Does anyone else use a kindle? I received one for my birthday last year, and I love it so much! One of my favorite benefits of the kindle is an app I use called hoopla that syncs up to your library card and you can download ten titles a month for free! It also has a wide array of music and movies, but I rarely use them. I know how expensive buying books can be, even if they’re electronic and often cheaper than paperback. I’ve found some amazing books on hoopla, along with the goodreads app. If you’re not following me on there, my name is under Rachael Brady. I love this app! Goodreads lets you discover new books and tracks your reading progress. My goal this year is to read 20 books. It also allows you to see what your friends are reading and check out book reviews to see if it’s a good fit. You can also search by author and find all books that were published by one of your favorites. Another feature is that it lets you keep track of your to-read list, so every time I’m at a book store or the library (or on hoopla), I pull that up so that I can find what I have been wanting to read for a while. Both of these apps are available for kindle, phone, or computer.
The Call of the Farm, a memoir by Rochelle Bilow was a recently read book that I found while on hoopla. It peaked my interest because of farming. I’m really into the idea of having my own hobby farm someday when we move to Maine, that’s the plan anyway. After reading this book, I felt so connected to the author. She’s also a twenty-something millennial who started her career as a chef and a journalist and accidentally fell in love with farming, and a farmer.
I really thought this book was insightful to how a working farm operates. It takes place in upstate New York on a farm that is a year round CSA. The farm contains cows, chickens, horses, and lots of vegetables. She goes into detail about how to care for the animals and her farm chores, all the while falling head over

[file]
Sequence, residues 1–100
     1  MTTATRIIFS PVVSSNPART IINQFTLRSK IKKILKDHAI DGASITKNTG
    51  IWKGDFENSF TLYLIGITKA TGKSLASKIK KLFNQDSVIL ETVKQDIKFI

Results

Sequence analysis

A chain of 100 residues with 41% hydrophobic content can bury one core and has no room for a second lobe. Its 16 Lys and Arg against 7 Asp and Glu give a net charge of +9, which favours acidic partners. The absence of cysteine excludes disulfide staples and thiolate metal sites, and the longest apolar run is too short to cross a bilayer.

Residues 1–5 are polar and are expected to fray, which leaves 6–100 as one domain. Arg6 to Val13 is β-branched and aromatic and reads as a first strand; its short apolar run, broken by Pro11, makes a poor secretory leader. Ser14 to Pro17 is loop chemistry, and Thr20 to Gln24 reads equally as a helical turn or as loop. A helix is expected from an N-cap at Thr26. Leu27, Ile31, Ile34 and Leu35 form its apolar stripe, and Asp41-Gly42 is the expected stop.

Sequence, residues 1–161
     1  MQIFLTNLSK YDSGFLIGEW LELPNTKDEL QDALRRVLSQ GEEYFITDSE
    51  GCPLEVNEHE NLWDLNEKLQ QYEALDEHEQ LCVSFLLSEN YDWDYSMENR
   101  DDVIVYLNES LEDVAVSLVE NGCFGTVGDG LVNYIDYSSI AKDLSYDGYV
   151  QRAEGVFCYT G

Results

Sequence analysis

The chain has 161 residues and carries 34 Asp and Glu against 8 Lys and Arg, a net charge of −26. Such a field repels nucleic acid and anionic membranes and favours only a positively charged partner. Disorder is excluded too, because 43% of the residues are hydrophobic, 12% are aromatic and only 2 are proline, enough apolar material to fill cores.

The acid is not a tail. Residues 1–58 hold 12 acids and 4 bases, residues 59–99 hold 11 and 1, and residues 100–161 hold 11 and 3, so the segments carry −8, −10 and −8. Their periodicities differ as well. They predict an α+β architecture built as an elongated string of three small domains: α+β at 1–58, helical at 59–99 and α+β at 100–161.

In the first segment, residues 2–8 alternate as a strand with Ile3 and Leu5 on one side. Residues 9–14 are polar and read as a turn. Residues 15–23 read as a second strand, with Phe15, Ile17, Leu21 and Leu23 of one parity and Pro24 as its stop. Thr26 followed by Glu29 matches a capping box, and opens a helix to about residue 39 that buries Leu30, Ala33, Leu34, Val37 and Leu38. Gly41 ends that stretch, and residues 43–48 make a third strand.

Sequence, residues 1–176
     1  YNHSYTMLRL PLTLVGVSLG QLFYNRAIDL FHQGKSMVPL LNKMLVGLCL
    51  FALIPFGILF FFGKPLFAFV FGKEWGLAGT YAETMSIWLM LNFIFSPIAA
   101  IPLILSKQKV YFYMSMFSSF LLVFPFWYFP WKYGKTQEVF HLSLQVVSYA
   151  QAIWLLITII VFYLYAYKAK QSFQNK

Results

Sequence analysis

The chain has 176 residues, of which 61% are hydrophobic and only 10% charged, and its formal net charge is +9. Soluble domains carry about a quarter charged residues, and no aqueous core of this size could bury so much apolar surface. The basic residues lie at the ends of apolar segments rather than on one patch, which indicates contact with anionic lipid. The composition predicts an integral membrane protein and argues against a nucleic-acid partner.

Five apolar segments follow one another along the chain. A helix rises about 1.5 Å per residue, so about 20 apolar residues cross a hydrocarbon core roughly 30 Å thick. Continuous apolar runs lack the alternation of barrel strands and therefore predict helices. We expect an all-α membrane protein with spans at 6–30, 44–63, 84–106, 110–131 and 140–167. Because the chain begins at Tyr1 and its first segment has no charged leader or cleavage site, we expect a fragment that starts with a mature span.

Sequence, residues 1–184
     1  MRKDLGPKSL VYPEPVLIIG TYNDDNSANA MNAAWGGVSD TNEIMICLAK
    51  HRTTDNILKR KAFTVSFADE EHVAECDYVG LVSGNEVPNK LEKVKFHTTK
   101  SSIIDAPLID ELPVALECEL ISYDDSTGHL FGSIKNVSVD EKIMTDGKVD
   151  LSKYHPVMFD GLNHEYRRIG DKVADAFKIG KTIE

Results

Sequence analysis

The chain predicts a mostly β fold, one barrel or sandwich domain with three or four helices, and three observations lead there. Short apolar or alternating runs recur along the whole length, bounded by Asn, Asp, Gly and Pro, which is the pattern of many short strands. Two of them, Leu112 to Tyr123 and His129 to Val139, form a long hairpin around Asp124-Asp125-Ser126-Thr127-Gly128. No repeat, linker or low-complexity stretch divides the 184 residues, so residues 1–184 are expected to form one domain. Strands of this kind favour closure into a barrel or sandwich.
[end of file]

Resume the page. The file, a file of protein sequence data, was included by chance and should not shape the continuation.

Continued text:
heels (err, boots) in love with a farmer named Ian.
Using her background as a chef, she became the cook for the farm. Providing the farmers with their daily meals, she used everything she could from the farm, and includes recipes in the book for you to try at home. She organized the book by season and details each month of the season. The book begins in March and ends at March of the following year. She explains through the season which vegetables are available to work with and how each season affects whether they seed, germinate, plant, or start canning.
While some reviews have called the author emotional, I took appreciation that she wore her heart on her sleeve. I didn’t really get the sense that she came across as entitled or too sensitive, I think she was just being honest and raw about her thoughts and that made the story all the more convincing and relatable (this is non-fiction, after all).
I won’t give away any spoilers, but I found myself getting so caught up in her love affair, the daily grind of farm life and the animals, that I felt as if I was experiencing this with her. The detail she brings to book made it captivating and hard to put down. It took three days for me to finish the book, which is less than 300 pages. I would’ve have finished it sooner, but sometimes life happens.
If you’re looking for a book that romanticizes farm life, then this is it. While it was helpful to learn about farm chores, proper care for animals and vegetables, it’s not so much as a how-to book as it is a book about her life on the farm. I would recommend this book for a light hearted and comedic read about life on an organic farm.